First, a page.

The yield on the 10-year Treasury as measured by the S&P/BGCantor Current 10 Year U.S. Treasury Index suddenly moved higher to 2.78% from the previous day’s 2.64%. Thursday’s upward movement before the Good Friday Holiday was a result of negotiations over the Ukraine crisis possibly resulting in an accord to defuse the conflict.
Yields in the U.S. have remained lower as political tensions in Ukraine have kept Treasuries as the safety trade. In addition to global political issues, domestic indicators that measure the U.S. labor market have not shown a consistent amount of improvement.
This week’s economic calendar started with the Chicago Fed Activity Index coming as expected at a 0.2 and the U.S. Leading Index stronger than the expected 0.7% and the previous 0.5%, at a 0.8% for March. The week is full of reporting’s that will affect the bond markets and their indices. Tuesday kicks off the housing numbers with the FHFA House Price Index (0.5% expected), Existing Home Sales for March (4.55m expected) and the Richmond Fed Manufacturing Index (2 expected). Wednesday continues the housing and manufacturing theme as MBA Mortgage Applications, New Home Sales (450k) and the Markit US Manufacturing PMI (56 expected) are due. Later in the week Durable Goods Orders (2% expected), Initial Jobless Claims (313K expected), and the University of Michigan Confidence Survey (83 expected) close out the week.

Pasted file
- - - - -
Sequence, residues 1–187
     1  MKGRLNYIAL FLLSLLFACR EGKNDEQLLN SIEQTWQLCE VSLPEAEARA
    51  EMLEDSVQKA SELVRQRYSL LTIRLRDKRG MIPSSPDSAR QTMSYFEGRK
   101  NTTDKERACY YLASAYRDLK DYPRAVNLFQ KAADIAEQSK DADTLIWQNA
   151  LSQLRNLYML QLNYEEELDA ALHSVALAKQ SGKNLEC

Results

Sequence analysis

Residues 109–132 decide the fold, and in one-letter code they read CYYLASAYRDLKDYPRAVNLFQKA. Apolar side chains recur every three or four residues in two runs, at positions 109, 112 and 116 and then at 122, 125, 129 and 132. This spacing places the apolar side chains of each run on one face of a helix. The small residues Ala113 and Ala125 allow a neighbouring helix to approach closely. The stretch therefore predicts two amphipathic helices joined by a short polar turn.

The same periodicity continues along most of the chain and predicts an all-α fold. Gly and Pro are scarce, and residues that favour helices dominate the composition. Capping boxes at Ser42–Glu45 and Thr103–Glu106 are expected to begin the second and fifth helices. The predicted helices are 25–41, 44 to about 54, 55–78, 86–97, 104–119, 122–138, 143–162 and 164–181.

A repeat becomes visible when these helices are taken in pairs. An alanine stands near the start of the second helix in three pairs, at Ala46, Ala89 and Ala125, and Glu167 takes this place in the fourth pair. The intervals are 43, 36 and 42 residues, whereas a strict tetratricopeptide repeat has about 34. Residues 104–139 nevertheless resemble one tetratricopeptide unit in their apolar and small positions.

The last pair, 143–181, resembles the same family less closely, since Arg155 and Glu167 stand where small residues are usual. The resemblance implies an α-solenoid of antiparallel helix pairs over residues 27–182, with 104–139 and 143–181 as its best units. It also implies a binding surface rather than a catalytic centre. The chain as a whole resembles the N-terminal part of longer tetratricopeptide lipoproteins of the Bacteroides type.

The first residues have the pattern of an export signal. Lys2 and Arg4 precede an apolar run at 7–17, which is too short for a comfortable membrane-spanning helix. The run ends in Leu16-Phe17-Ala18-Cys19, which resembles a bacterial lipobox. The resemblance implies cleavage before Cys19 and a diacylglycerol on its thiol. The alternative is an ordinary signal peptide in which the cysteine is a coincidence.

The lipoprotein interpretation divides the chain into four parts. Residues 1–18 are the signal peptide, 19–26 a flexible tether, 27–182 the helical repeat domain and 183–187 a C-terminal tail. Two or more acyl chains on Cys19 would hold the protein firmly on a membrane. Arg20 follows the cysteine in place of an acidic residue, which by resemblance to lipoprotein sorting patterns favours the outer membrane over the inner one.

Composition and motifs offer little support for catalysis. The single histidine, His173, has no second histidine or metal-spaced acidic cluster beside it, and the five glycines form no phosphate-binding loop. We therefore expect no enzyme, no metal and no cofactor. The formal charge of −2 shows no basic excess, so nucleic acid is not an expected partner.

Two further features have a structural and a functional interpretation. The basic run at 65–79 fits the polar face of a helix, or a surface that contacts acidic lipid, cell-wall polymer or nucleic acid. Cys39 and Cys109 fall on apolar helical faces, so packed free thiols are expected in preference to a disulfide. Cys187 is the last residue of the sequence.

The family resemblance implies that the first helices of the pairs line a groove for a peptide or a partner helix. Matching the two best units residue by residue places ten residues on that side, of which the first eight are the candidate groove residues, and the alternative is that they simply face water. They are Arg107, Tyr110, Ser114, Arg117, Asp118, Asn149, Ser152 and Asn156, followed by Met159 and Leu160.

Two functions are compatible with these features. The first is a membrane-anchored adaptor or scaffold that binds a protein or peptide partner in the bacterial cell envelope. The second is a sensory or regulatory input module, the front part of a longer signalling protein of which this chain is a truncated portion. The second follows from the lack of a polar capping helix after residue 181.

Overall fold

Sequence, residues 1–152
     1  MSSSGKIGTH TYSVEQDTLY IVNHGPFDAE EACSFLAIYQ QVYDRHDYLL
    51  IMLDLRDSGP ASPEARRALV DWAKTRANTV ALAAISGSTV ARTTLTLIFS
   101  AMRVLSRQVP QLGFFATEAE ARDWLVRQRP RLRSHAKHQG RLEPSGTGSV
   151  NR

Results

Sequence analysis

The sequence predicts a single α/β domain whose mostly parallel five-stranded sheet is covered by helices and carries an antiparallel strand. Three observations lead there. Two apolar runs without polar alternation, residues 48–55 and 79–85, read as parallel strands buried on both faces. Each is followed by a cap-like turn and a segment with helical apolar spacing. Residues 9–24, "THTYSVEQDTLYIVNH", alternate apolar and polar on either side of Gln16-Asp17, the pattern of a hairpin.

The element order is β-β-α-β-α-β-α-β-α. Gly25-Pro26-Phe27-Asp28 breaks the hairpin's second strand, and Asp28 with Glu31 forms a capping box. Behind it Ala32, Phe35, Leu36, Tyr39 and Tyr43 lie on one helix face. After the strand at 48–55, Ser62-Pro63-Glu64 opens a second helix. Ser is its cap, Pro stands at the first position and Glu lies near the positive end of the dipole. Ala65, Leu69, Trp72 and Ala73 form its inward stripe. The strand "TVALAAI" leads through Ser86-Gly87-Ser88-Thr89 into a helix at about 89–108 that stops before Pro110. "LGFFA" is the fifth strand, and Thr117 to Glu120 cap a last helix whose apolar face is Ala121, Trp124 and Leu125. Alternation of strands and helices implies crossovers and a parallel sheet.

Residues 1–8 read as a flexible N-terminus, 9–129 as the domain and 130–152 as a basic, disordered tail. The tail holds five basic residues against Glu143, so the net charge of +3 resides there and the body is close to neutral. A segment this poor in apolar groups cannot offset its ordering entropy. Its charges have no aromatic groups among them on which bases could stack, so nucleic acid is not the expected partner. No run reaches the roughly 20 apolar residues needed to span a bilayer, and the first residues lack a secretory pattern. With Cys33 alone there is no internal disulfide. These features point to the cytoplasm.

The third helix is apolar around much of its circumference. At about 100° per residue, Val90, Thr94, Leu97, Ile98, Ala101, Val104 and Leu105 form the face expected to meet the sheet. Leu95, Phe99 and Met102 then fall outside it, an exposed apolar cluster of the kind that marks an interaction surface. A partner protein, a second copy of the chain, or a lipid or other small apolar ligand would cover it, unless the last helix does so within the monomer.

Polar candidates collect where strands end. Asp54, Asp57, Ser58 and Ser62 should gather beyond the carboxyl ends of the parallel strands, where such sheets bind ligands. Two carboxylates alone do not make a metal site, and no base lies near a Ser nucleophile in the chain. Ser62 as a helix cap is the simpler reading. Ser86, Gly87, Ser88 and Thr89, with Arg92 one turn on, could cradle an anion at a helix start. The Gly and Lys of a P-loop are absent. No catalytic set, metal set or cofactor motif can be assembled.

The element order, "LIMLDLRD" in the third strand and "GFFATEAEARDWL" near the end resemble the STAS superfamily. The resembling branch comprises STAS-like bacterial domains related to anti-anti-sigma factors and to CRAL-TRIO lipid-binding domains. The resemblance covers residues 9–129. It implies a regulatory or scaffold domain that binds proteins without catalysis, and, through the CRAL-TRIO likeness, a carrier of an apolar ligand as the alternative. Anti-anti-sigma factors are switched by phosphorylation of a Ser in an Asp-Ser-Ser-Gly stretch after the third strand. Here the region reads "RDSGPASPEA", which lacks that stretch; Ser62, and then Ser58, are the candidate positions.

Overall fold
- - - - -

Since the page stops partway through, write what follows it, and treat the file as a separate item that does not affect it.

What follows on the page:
The S&P U.S. Issued Investment Grade Corporate Bond Index is returning 0.6% month-to-date which is a much better start than all of March’s return of 0.04%. Thursday’s jump in Treasury yields was evident in corporates as well with the index giving up 0.37% in one day. Year-to-date the index has returned 3.52%.
The S&P U.S. Issued High Yield Corporate Bond Index is slightly behind the investment grades returning 0.3% for the month and 3.27% year-to-date. The spread to Treasuries of the high yield bonds is only slightly wider than from the beginning of the month. Presently the BB and single B indices are only slightly wider on the month while the S&P U.S. Issued CCC & Lower High Yield Corporate Bond Index is 29 basis points wider.
One of the big headlines last week was TIAA-CREF’s $6.25 billion acquisition of Nuveen Investments. The single B rated term loan B-structure issued by Nuveen Investments Inc., holds a 1.15% weight in the S&P/LSTA U.S. Leveraged Loan 100 Index which returned 0.02% last week. Month-to-date this index is down-0.01% while returning only 1% year-to-date.
Source: S&P Dow Jones Indices, Data as of 4/17/2014, Leveraged Loan data as of 4/20/2014.The posts on this blog are opinions, not advice. Please read our Disclaimers.